Social Security is one of the most feared problems in America today. Nick Smith, Michael Tanner, and Edwin Feulner believe that this problem must be addressed or social security will become obsolete. Social security has been a growing problem for some time now, although the government has passed bills to save social security none have been proven to work yet. All three authors believe that if social security is not fixed, then America is headed straight for disaster.
In his article "Democrats Should be asked about Social Security" Michael Tanner explains how the democrat party is unequipped to handle the problem of social security. Tanner claims that all ten of the democratic candidates running for president have yet to come up with plans to save Social Security. He states "No one should be running for president if he can't stand up and tell the American people what he would honestly try to do about Social Security" (Tanner). He also states that "George Bush has made his position clear: He would allow younger workers to invest a portion of their payroll taxes privately through individual accounts. White House sources have spent the last several weeks telling reporters that support for social security changes will be a central domestic plank in Bush's reelection bid." (Tanner). According to Tanner, although you might not agree with Bush's ideas to fix social security but at least he's putting out an effort. He claims that democrats try to avoid answering questions about social security because they may lose votes if people do not agree with their answer (Tanner). Avoiding the problem is not the solution if the democrats want to win the next presidential election they must address this problem.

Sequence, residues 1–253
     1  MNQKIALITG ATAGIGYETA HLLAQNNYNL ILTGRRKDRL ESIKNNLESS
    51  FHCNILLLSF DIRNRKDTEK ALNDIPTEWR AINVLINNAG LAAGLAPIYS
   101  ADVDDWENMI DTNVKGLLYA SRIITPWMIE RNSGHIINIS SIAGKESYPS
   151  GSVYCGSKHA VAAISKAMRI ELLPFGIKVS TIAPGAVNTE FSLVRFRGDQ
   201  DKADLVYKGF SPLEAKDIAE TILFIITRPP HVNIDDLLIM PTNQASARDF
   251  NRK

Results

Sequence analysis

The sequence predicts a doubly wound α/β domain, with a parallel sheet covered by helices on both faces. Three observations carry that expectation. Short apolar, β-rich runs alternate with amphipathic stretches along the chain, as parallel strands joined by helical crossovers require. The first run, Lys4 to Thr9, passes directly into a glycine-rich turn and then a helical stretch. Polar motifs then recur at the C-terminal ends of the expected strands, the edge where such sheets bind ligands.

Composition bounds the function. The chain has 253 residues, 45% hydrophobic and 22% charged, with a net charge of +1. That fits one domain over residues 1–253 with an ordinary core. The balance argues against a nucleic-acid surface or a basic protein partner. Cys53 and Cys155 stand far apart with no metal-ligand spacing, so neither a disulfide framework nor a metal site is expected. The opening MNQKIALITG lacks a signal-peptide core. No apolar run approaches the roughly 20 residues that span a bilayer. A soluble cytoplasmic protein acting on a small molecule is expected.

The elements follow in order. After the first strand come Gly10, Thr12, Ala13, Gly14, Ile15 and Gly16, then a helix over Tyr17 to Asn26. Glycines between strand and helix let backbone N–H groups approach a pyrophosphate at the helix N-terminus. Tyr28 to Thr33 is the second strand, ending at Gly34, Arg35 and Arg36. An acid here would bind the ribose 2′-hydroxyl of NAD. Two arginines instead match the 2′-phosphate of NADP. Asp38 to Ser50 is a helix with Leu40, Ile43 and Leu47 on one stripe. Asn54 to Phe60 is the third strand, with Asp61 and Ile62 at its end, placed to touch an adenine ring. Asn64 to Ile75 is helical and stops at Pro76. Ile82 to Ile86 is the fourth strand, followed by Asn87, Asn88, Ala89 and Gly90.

Like Tanner, Nick Smith in "Reversing Social Security's Decline" feels that "failing to take prompt action on Social Security will burden our children and grandchildren with benefit cuts and crippling taxes"(Smith).